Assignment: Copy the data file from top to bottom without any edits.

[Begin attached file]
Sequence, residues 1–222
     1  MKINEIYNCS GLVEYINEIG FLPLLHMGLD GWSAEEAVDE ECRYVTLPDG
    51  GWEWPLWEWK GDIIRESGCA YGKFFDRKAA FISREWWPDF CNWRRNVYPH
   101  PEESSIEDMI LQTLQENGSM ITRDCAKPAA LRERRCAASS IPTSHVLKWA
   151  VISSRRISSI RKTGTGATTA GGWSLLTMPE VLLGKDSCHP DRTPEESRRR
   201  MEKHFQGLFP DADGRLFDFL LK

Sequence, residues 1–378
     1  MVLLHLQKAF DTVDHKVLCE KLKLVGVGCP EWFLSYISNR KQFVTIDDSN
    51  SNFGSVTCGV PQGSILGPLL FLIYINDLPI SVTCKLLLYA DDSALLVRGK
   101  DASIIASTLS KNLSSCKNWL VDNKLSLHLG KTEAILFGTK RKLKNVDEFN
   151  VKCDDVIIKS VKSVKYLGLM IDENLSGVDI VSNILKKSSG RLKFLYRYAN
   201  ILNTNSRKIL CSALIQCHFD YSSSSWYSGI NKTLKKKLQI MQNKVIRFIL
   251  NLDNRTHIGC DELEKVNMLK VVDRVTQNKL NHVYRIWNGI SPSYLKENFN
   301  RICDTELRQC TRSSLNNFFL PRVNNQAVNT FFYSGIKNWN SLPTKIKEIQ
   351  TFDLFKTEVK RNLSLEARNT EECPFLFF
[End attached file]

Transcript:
Sequence, residues 1–222
     1  MKINEIYNCS GLVEYINEIG FLPLLHMGLD GWSAEEAVDE ECRYVTLPDG
    51  GWEWPLWEWK GDIIRESGCA YGKFFDRKAA FISREWWPDF CNWRRNVYPH
   101  PEESSIEDMI LQTLQENGSM ITRDCAKPAA LRERRCAASS IPTSHVLKWA
   151  VISSRRISSI RKTGTGATTA GGWSLLTMPE VLLGKDSCHP DRTPEESRRR
   201  MEKHFQGLFP DADGRLFDFL LK

Sequence, residues 1–378
     1  MVLLHLQKAF DTVDHKVLCE KLKLVGVGCP EWFLSYISNR KQFVTIDDSN
    51  SNFGSVTCGV PQGSILGPLL FLIYINDLPI SVTCKLLLYA DDSALLVRGK
   101  DASIIASTLS KNLSSCKNWL VDNKLSLHLG KTEAILFGTK RKLKNVDEFN
   151  VKCDDVIIKS VKSVKYLGLM IDENLSGVDI VSNILKKSSG RLKFLYRYAN
   201  ILNTNSRKIL CSALIQCHFD YSSSSWYSGI NKTLKKKLQI MQNKVIRFIL
   251  NLDNRTHIGC DELEKVNMLK VVDRVTQNKL NHVYRIWNGI SPSYLKENFN
   301  RICDTELRQC TRSSLNNFFL PRVNNQAVNT FFYSGIKNWN SLPTKIKEIQ
   351  TFDLFKTEVK RNLSLEARNT EECPFLFF